Lost in space.

Title: Stellaris: Console Edition
Platform: PlayStation 4 (reviewed), Xbox One
Developer: Paradox Interactive
Publisher: Paradox Interactive
Price:  £32/$40
Release date: Out now
TL;DR: A satisfying strategy game with a lot to offer.
Family Focus?: Click here for more information

If you’re looking for a game that’s easy to pick up and play, Stellaris probably isn’t it. The sheer number of options presented to you from the minute you load into the menu to start a new game is, frankly, overwhelming.

Perhaps if you’ve played countless other strategy games, all of the information that’s thrown at you wouldn’t be quite so daunting. but I didn’t have that luxury and as a result, I found the first few hours of the game to be a steep (but very worthwhile) learning curve. You are given the choice between choosing a pre-built empire, having a random one picked for you, or creating your own. If you’re new to Stellaris, I’d definitely recommend the first option to save unnecessary confusion.

One of the first things you’ll notice is the amount of choice you have – or get overwhelmed, depending on which way you look at it. Each empire has different government types (dictatorial, democratic, etc), ethics, and civics, as well as starting weapons and ship appearances. There’s a lot to wrap your head around, so if you’re unsure, you’re probably best just picking one and jumping into a new game.

If you’re new to strategy games, then it’s wise to turn on the full tutorial, which will offer you vital info for what the vast amount of menus – and sub-menus – have to offer. You’ll start off by sending one of your Science Ships to survey your home system, searching for habitable planets or recoverable minerals. The Situation Log gives you objectives to strive towards, and while there is an undeniable amount of learning to be done, you’ll soon find the game falls into its own satisfying routine.

I mean, I say satisfying, but on my first playthrough, I was convinced I was finally getting a handle on things when suddenly my empire was destroyed. I’m still not sure how, but I took what I learned from that first try and started a new game.

Each empire has different traits, government types, and ethics.

It’s a balancing act between establishing a steady supply of incoming resources to maintain your empire, and building it up enough so it can resist any attacks from aggressors. You can mine minerals and credits from surveyed planets and systems within your borders, or build outposts in systems that lie outside to increase the size of your empire and the planets you can gather resources from. Of course, this does come with some risk, as you may encounter hostile forces as you explore new systems. And honestly, it’s just as well I’m not the head of some space-conquering faction, because my two subsequent playthroughs saw my empire utterly destroyed by space pirates for getting too greedy with neighbouring – and mineral-rich systems, and neglecting my defences…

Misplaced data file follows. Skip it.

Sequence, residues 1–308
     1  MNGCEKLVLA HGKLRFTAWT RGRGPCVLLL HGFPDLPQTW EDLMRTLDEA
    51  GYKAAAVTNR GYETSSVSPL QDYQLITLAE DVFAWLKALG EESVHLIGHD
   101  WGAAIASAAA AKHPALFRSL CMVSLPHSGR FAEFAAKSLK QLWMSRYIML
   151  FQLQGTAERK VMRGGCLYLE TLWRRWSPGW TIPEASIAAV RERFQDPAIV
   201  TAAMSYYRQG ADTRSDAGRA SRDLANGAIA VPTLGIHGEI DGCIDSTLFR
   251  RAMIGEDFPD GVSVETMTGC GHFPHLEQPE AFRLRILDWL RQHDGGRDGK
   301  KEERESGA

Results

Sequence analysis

You can colonise habitable planets and set up farms, science labs, or power plants to farm more materials, but each building or planetary mining structure you set up has a maintenance cost. There are also various technologies you can research to help you out; upgrades for buildings which produce more minerals, food, or credits. Then there’s military upgrades or weapons, and upgrades that allow you to terraform planets or clear wasteland to erect more buildings.

You can research technologies to help you in various ways.

You can also enter into treaties or trade agreements with other empires, joining forces to protect each other against hostile empires, or sharing star charts to reveal the resources various planets offer.

You’ll need to recruit leaders – either Scientists, Generals, Admirals, or Governors – to perform various tasks throughout your empire, but they come at the cost of Influence, yet another resource you’ll need to manage. And, as I found out, leaders can and will die of old age. I got a bit overzealous on my first playthrough and ended up with most of my scientists dying in the space of ten minutes and not having enough Influence to recruit more.

There is undoubtedly a lot to learn when playing Stellaris, but if you can survive reading through the countless tutorials, along with a whole lot of trial and error on your first few tries, you’ll uncover what I found to be a surprisingly fun and satisfying game – and that’s coming from someone that usually avoids strategy games and has no real interest in space-y things outside of Mass Effect or Red Dwarf.

The Good

  • Really satisfying to play once you know what you’re doing.
  • In-depth tutorials tell you everything you need to know.
  • High replay value as it feels like you learn from each defeat.

The Bad

  • Could be daunting for strategy newcomers.

Family Friendly?

Rated: E for Everyone/PEGI 7

There’s nothing unsuitable for children in this game, though they will be in for a lot of tutorial reading if they hope to play it!

Disclaimer: This review is based on a copy of the game provided by PR for the purpose of this review.